When it comes to providing capabilities to the field rapidly, user feedback is proving to be mutually beneficial to the developers and end users.
As the Army Rapid Capabilities Office works to deliver first-look solutions to operational units based on critically stated needs, hearing from the users of these systems has helped to craft overall better systems.
“The [electronic warfare officers] within the 2nd Cavalry Regiment have been participating with us from the beginning, have been very vocal on the things they like and don’t like,” Doug Wiltsie, director of the RCO, said during an Oct. 9 presentation at the annual Association of the United States Army conference.
“We’ve worked with them to figure out what are the corrective actions that need to be taken, what’s the effect on force structure, how do we do training, how do we do sustainment.”
Wiltsie elaborated that the solutions they deliver to the field won’t be the institutional capabilities the Army is working on — programs of record such as Multi-Function Electronic Warfare, for example. But the measure for RCO has been the ability to provide a capability forces can fight with that allows the Army to get something out there rapidly, provide deterrence and provide capabilities to soldiers.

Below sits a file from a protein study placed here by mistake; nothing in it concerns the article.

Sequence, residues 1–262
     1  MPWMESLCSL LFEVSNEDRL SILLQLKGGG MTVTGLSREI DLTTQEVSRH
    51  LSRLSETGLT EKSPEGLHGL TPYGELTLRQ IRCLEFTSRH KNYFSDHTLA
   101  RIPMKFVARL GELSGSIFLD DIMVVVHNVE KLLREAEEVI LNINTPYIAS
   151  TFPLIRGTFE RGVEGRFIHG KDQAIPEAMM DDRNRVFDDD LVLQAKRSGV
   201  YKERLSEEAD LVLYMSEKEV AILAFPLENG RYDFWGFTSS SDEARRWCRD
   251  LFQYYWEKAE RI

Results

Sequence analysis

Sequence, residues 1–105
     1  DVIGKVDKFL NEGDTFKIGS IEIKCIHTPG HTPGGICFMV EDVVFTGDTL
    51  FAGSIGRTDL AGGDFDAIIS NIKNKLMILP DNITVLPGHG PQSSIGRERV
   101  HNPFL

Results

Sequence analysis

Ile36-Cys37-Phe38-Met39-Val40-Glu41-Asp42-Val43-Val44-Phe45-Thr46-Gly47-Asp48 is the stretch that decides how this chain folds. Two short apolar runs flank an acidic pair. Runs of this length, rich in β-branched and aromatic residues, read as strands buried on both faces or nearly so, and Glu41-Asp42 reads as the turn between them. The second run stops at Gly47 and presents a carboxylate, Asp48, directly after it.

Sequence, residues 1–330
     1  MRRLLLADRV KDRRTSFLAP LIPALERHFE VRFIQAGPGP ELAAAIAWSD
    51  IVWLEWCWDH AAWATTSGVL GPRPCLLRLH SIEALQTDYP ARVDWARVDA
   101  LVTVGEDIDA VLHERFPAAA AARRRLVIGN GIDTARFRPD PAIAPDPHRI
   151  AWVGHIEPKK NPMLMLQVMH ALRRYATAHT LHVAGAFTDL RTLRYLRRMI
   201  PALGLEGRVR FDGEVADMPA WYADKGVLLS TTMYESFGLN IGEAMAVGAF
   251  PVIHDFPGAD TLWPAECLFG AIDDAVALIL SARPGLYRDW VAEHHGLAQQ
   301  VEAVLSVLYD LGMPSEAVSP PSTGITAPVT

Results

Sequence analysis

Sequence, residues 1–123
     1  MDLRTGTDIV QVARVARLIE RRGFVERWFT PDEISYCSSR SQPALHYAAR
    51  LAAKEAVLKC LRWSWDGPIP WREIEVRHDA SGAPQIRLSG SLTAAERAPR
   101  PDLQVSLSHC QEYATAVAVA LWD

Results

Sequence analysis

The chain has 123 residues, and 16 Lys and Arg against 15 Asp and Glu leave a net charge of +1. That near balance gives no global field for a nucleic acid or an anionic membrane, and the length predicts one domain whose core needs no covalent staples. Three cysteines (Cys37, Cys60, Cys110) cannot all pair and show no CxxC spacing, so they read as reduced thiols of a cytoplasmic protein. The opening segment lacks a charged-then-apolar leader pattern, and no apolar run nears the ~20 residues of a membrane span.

“Having Col. Ellis’s team telling us in no uncertain terms that is a piece of junk … then we can have the conversation about why, what is it about it, can we fix it or do we throw it away,” Wiltsie said, referring to Col. Patrick Ellis, commander of the 2nd Cavalry Regiment.
“We were also very willing to test, evaluate and then provide feedback early on in the process knowing that we weren’t always going to get the perfect solution,” Ellis said during the same presentation.
Ellis noted that the first draft of an off-the-shelf counter-UAS capability that fuses several different systems was not perfect, but getting it in the hands of users allowed them to provide feedback to get the software rewritten to do what it needed to do.
Position, navigation and timing
Wiltsie also explained that the RCO is working on an effort called “Titan” for the 2nd Cavalry Division, which is dealing with a GPS-denied environment.
This effort seeks to provide platform PNT assurance with point protection, or access and integrity to PNT data at a platform level, as well as electronic support sensor capability to enhance the Army Europe commander when maneuvering in a GPS-challenged environment, PM PNT told C4ISRNET in August.
It’s under contract starting with Stryker and will be put in the ground combat vehicle, Wiltsie said.
Mark Pomerleau is a reporter for C4ISRNET, covering information warfare and cyberspace.